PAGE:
Calcineurin signaling is required for EMT and EC morphogenesis. (A)Bright-field image of an untreated embryo (bottom) and an embryo raised in 10μg/ml CsA (top). (B-E) Confocal images of the AV canal of Tg(Tie2:EGFP)s849 (green) embryos at 96 hpf immunostained for Dm-grasp (blue) and stained with rhodamine phalloidine (red); (B)untreated embryo; (C-E) embryos treated with CsA from the one cell stage (C),48 hpf (D) and 72 hpf (E). (A) Embryos treated with CsA from the one cell stage appeared morphologically wild type at 72 hpf, except for pericardial edema (arrow in A) owing to outflow tract stenosis (see Movie 1 in the supplementary material). (C) In embryos treated with CsA from the one-cell stage, the myocardium appeared thinner throughout the heart (compare with B,D, E and Fig. 2). AV endocardial cells upregulated Tg(Tie2:EGFP)s849 and initiated a cell shape change (thin arrow indicates AV endocardial cell, thick arrow indicates squamous atrial endocardial cell), but failed to express Dm-Grasp; no EMT occurred and ECs failed to form. (D) In embryos treated with CsA from 48 hpf, ECs appeared disorganized. (E) No effect on EMT or cushion morphogenesis was observed at 96 hpf when embryos were treated with CsA from 72 hpf onwards (compare E with B). Arrowheads indicate the superior region of the AV canal in B-E.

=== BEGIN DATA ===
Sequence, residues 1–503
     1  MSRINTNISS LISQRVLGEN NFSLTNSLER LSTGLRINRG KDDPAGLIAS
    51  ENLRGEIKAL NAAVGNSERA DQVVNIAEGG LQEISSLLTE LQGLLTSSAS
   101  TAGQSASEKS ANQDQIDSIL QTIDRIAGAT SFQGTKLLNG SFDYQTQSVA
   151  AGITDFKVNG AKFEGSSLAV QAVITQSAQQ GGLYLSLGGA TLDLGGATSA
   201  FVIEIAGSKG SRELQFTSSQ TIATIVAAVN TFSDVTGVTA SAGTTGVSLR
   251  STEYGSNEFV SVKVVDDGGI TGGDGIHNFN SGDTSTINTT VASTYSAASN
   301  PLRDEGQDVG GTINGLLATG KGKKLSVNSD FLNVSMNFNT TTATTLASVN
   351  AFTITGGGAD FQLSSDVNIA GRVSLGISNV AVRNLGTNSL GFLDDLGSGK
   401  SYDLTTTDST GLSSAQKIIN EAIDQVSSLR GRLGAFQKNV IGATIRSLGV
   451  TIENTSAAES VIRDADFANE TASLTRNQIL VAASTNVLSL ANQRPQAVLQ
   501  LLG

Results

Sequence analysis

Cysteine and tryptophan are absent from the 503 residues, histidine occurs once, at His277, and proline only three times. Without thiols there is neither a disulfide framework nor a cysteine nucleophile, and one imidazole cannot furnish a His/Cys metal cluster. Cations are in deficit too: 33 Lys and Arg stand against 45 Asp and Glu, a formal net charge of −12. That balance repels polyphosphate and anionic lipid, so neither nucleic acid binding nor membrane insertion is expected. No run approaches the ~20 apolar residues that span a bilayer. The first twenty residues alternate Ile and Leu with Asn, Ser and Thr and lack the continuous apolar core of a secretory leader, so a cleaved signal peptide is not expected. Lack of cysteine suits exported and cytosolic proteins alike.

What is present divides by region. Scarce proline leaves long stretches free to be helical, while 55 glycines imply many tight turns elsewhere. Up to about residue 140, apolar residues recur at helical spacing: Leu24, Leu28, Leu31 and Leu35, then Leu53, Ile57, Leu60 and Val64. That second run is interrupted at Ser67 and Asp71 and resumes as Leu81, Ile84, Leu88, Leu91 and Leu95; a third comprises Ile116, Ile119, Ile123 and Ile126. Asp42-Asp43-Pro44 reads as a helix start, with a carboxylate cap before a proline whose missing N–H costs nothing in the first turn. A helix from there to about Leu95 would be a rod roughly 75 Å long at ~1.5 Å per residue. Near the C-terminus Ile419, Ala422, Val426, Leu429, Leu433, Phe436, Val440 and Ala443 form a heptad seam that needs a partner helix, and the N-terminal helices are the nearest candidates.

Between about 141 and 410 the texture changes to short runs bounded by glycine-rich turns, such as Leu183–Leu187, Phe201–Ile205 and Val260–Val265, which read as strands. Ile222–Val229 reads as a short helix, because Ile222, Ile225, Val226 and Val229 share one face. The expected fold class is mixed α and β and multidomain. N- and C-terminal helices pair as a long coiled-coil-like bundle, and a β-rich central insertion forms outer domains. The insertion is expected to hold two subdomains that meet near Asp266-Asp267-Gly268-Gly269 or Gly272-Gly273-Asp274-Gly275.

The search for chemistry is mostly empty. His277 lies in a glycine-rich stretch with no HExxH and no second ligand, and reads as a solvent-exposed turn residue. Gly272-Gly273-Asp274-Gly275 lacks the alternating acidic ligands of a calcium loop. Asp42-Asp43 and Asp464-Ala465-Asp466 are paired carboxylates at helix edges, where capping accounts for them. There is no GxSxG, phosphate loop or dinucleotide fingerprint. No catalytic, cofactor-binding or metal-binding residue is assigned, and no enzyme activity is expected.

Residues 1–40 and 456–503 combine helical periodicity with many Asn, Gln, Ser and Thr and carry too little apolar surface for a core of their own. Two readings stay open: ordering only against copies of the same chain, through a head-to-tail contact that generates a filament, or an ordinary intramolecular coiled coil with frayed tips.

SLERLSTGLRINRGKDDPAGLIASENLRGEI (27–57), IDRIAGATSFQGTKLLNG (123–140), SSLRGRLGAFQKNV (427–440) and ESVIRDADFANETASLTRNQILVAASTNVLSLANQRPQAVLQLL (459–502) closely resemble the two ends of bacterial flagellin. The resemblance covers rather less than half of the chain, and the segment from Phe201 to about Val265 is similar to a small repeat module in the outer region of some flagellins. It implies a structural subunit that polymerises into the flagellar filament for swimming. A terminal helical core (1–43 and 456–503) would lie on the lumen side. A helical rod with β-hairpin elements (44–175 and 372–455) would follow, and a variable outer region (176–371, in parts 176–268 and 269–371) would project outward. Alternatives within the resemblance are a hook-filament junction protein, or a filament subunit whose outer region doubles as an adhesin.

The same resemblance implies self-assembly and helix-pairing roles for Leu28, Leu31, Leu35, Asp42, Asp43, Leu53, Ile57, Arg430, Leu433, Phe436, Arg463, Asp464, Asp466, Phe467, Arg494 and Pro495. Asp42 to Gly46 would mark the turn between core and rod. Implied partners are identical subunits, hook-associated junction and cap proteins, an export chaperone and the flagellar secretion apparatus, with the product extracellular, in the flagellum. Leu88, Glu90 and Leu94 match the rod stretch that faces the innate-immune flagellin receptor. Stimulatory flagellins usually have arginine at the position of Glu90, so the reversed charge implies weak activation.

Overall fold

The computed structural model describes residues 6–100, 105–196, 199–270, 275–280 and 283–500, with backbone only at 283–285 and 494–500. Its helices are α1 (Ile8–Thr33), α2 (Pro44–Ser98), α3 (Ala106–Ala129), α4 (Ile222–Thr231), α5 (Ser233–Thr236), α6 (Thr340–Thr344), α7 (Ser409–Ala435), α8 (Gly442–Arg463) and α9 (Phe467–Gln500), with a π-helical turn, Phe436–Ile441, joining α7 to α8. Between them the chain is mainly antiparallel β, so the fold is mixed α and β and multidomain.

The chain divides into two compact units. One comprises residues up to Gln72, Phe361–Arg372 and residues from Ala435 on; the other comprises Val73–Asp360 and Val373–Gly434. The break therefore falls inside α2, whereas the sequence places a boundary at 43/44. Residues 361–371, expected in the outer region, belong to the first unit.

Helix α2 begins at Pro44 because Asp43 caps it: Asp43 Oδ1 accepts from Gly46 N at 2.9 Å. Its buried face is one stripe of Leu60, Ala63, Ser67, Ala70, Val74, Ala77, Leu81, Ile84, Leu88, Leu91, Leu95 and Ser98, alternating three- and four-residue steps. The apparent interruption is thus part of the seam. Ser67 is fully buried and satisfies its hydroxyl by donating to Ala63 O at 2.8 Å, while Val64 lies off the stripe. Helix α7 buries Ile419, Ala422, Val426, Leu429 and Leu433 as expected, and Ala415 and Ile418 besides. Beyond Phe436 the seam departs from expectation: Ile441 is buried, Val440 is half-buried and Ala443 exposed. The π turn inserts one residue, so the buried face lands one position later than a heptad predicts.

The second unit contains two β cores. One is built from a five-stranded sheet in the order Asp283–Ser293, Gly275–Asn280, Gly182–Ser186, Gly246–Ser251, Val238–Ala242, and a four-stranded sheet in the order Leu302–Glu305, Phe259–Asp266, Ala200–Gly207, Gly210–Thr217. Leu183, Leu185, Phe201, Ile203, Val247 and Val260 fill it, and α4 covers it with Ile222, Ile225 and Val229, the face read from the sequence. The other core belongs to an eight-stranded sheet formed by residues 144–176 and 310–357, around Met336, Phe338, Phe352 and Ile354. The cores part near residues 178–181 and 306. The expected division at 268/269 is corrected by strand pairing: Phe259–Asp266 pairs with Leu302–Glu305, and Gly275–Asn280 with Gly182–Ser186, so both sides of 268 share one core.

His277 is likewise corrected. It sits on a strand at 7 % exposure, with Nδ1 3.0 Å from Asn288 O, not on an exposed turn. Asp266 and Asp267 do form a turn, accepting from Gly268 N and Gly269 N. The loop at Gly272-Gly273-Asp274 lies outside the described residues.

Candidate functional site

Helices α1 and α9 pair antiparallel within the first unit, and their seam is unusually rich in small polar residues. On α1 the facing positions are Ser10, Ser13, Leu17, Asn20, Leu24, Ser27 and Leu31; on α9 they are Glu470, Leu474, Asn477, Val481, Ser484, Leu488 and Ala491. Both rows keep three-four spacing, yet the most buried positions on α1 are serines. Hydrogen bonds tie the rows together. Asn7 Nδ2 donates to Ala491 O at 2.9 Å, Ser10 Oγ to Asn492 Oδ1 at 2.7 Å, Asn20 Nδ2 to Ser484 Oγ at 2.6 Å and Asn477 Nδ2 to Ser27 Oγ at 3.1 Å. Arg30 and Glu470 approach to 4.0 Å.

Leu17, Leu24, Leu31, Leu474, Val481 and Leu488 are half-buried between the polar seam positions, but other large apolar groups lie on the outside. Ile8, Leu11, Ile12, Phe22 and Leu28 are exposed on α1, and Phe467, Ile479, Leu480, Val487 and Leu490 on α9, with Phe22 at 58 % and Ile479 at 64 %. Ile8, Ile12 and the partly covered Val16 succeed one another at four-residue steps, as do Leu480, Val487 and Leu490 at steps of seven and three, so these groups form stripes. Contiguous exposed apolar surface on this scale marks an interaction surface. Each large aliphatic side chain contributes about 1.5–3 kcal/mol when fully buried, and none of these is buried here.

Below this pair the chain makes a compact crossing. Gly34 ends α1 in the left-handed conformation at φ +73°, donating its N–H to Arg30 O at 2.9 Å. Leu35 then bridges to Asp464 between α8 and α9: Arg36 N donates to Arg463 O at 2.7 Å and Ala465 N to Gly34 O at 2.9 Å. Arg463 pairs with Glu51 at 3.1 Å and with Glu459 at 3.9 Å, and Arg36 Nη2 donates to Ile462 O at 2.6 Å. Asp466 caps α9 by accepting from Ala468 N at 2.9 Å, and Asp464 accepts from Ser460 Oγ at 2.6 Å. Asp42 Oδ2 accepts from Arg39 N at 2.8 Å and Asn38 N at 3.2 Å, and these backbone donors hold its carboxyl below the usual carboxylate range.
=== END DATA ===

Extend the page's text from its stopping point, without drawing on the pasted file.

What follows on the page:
Forward genetic screen for AV canal defective mutants